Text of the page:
Yes, the Decathlon email about a Van Moof S3 bike you received is fraudulent.
” Today’s price is a Van Moof S3 bike “, Advances an email in the colors of Decathlon, received by many Frenchmen and women, several versions of which Cyberguerre has observed. We would be part ” of 10 randomly selected users each month “By the French brand for” give them the chance to win fabulous prizes “.
At the bottom of the message it is clearly stated that the offer would be ” reserved To our email address. What a lovely gift! Van Moof has its place among the benchmark electric bike brands, and the S3, a model released in June 2020, costs € 1,998. Problem: as often, when the situation is too good to be true… it is because it is false. As you suspected by clicking on the article, we can confirm it to you: it is a phishing email.
Different versions of the email circulate: the landing page and the purpose of the manipulation may differ from one case to another. We also observed that many malicious pages were labeled as such, or even deleted the day after the attack.
In the example that we were able to follow to the end, the criminals trap the victims by pushing them to subscribe to a cosmetic service, unrelated to Decathlon or Van Moof. A wacky tactic, but one regularly employed by scammers, who hope to hide a recurring theft of a small amount behind a genuine transaction.
How do you spot phishing early on?
First of all, you have to ask yourself questions on the merits, and therefore on the situation that presents itself to us. Decathlon would offer us a Van Moof bike. If you’re interested in e-bikes a bit, you’ve probably already raised an eyebrow. But even if you don’t know the Dutch brand, you can quickly check the link between the two brands. A quick tour of the Decathlon site shows that the French brand does not sell these electric bikes, and it would therefore have no interest in promoting them in a competition. Weird.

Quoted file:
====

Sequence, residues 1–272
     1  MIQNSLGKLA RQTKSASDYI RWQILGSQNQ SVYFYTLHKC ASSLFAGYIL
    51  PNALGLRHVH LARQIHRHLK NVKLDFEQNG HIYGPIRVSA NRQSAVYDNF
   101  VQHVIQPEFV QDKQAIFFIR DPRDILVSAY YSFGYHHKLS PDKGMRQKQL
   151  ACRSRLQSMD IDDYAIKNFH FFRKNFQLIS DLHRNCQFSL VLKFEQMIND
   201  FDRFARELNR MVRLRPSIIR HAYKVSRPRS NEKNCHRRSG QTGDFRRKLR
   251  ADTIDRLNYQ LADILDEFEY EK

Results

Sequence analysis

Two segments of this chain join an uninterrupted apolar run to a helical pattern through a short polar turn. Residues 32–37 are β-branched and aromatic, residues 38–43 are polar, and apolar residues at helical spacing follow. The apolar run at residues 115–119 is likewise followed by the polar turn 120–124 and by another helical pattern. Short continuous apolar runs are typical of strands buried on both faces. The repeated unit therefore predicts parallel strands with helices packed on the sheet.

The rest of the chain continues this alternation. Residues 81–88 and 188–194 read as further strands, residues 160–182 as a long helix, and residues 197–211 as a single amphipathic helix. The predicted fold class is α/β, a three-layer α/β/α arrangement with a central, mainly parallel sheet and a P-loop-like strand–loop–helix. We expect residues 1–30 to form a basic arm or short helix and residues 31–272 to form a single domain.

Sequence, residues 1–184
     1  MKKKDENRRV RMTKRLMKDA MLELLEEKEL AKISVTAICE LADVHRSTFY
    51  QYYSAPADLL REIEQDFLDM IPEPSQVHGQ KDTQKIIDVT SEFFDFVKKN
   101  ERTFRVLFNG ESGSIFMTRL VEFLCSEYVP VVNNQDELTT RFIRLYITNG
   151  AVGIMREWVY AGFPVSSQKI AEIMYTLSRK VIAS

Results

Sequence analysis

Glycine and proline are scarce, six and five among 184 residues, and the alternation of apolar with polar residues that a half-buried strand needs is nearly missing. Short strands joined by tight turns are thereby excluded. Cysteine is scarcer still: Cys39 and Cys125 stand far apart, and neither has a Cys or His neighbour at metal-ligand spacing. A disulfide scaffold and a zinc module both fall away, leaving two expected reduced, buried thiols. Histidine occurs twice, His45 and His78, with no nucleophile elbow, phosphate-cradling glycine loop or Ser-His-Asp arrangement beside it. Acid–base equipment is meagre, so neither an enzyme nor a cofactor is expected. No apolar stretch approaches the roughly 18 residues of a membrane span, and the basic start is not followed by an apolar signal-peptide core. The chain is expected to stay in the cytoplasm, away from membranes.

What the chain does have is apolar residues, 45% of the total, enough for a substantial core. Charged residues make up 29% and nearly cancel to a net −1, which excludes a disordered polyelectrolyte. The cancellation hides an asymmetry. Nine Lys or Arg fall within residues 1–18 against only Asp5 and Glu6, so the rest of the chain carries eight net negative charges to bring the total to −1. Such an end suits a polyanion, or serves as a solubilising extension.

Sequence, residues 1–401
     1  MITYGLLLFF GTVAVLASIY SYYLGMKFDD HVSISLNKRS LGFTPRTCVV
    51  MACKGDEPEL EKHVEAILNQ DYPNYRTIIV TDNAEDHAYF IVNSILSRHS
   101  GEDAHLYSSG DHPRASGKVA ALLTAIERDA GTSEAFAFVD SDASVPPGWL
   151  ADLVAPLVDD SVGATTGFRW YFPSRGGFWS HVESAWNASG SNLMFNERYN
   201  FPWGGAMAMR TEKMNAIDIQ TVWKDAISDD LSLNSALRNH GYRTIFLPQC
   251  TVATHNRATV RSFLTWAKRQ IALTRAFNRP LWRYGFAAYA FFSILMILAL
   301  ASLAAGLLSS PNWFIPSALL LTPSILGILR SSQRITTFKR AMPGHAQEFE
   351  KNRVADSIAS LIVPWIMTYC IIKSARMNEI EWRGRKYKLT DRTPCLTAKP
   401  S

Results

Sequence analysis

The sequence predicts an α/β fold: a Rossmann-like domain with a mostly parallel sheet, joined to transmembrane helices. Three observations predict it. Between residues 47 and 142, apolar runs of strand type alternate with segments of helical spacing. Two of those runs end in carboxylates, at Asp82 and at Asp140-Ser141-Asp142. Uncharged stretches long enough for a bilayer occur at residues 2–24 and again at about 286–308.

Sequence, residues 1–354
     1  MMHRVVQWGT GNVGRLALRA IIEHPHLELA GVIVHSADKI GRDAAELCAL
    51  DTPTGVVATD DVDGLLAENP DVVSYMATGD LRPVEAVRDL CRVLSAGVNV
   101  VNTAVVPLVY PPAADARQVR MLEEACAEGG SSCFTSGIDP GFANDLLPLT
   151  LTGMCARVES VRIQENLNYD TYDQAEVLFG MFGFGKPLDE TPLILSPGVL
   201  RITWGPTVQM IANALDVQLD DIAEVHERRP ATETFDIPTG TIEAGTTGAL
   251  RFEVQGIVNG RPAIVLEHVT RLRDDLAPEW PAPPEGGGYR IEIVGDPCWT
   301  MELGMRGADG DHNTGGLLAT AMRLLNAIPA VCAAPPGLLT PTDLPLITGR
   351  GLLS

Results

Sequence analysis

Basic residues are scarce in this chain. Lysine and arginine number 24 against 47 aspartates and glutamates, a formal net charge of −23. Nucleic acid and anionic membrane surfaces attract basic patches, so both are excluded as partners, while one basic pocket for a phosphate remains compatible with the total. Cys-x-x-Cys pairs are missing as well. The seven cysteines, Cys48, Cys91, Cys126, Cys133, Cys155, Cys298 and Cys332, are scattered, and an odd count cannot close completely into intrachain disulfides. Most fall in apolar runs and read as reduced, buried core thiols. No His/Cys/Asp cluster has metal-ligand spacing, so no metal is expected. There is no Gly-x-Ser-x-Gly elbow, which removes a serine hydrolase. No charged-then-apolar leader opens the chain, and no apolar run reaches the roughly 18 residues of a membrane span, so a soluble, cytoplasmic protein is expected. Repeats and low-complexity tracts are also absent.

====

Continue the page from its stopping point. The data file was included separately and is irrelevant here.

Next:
Then, the email specifies that the gift will be ” reserved for 5 minutes »And that if we do not claim it, we will let our chance pass for the benefit of another client. It is a very common string in phishings: the thugs push you to rush your decisions and to act in an emergency. They hope that this way, you won’t take the time to ask yourself the right questions about the situation. In short, if an email requires you to react in an extremely short time, it is certainly fraudulent.
Did you verify the address behind the name?
In a second step, it is necessary wonder about the form. All the emails we have received have the subject line ” Thank you for your order number [suite de chiffre et de lettre] “. The whole thing, preceded by two smileys. Not only did we not order anything from Decathlon, but in addition, the object has no relation to the content of the email, an alleged competition. Finally, Decathlon did not use a smiley face in the order confirmation emails that we received before.